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When asked if he liked actress Keke Palmer, the rapper responded, “Keke Palmer, she straight.I’d bag her, but I don’t really like black girls like that, sorta kinda.” After a firestorm of backlash, the rapper attempted to "clarify" his statement by saying, "it's just not my forte to deal with a "dark skin" woman I prefer them to have a lighter complexion than me #My Preference #Fuck You We also see a lot of famous Black men like actors Taye Diggs and Terrance Howard, and singer Tyrese Beckford routinely chooses not to date Black women and you can't help but wonder why.
"Because white women were taboo for black men for centuries in this country to the extent that black men could be lynched for the appearance of involvement with white women, access to white women may be more alluring for black men now."Another question that comes up is, "does he really love her?
" Many Black women can't help to think feel as though a great number of Black men choose to date outside of his race for superficial reasons.
So when a Black women ends up with a white man, we are often looked at as not being able to "handle" the Black man, who is himself looked at as the strongest of any group of people.
Mowry-Housley is not the only Black women in the media to be labeled as this.
I'd imagine the great majority of interracial unions are solely based on true love because I couldn't imagine a relationship lasting on anything less than that, but even so, there are still stigmas in the Black community that we have placed on ourselves and interracial relationships.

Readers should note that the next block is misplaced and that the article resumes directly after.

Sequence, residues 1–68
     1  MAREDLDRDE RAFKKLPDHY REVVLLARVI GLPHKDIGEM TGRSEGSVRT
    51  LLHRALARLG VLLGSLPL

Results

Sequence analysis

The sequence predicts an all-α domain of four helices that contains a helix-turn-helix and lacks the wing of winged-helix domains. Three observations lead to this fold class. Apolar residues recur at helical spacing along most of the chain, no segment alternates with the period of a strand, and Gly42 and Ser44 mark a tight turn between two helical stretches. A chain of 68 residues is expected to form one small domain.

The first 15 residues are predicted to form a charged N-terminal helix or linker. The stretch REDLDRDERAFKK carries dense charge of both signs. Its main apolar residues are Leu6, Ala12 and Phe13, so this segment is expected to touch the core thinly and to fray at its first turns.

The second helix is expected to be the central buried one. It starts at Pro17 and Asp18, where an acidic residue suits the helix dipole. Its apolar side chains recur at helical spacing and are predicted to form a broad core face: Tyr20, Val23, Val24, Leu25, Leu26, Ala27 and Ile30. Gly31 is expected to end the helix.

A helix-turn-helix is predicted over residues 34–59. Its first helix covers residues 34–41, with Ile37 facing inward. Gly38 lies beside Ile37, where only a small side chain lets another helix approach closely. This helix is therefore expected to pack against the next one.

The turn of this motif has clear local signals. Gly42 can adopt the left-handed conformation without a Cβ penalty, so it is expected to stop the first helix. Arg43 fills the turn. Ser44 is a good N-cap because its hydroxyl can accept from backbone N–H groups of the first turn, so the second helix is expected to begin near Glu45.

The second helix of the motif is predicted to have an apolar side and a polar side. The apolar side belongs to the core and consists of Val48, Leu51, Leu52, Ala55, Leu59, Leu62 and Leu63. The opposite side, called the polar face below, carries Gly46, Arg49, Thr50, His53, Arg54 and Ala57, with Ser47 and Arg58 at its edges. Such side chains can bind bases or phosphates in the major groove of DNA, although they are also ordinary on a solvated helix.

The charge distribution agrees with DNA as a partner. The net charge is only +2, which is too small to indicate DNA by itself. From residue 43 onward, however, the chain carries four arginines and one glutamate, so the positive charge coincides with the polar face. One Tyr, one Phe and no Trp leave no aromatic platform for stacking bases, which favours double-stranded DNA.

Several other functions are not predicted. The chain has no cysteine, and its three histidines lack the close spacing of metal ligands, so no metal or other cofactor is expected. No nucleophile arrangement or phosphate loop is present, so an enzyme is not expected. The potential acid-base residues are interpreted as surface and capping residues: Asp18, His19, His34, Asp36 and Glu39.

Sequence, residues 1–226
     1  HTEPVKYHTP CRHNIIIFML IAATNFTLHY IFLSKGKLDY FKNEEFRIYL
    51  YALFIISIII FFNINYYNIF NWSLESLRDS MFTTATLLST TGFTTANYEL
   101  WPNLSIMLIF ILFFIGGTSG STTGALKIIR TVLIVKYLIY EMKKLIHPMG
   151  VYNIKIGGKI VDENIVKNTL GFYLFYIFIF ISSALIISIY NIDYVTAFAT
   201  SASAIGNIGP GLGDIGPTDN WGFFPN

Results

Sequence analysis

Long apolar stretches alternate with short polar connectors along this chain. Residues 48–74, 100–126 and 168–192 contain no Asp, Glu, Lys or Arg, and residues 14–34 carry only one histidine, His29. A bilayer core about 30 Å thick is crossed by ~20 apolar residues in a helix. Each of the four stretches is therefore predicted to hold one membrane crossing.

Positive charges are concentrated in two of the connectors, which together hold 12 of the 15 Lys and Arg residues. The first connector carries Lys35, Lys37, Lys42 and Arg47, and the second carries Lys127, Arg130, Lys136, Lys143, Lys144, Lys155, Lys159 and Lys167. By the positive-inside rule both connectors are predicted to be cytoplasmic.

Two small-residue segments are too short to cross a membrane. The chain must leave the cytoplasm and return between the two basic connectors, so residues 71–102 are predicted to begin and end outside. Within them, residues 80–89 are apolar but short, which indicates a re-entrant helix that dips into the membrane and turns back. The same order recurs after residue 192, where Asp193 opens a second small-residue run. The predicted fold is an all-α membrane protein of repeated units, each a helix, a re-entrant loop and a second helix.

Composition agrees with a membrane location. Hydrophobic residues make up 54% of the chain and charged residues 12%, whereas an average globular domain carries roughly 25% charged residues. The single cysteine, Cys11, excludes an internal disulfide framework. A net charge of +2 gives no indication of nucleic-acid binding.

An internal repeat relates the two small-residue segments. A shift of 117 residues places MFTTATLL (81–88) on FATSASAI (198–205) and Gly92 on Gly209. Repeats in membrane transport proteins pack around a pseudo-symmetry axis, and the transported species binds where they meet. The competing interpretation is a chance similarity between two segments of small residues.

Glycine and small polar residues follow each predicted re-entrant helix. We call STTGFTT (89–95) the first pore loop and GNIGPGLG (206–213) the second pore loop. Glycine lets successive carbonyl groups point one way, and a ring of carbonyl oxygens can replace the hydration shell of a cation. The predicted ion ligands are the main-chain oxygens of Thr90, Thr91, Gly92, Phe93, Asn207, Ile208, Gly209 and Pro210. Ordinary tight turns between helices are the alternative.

Now, the question that I don't know the answer to is, is it up to us to change how we view these relationships or will those stigmas wither away when we no longer live under the cloud of white supremacy?
The infamous Black man and white women couple is often a center of conversation in Black groups, and I’m sure people on the outside have always wondered why?
Most would just chalk it up to racism, but is that truly what it is and if so, where did that disapproval come from?
Recently, I have even seen her described online as a bed wench and a mule. S, the Negro bed wench was a Black woman on a plantation whose primary function was to sleep with the white massa. And because of the favorability she received, this woman would generally feel superior to the other women on the plantation.
Often times, in exchange for her sexual acts, the massa would treat her more favorably than the other female slaves--exemption from working in the fields, for example. Today, the term is generally used to describe behaviors one would associate with that of a female “Uncle Tom.” And the "act" of being a Black woman in a relationship with a white man is seen as something someone complicit in the expansion of white supremacy would do.
What’s with the double standard and the disconnect?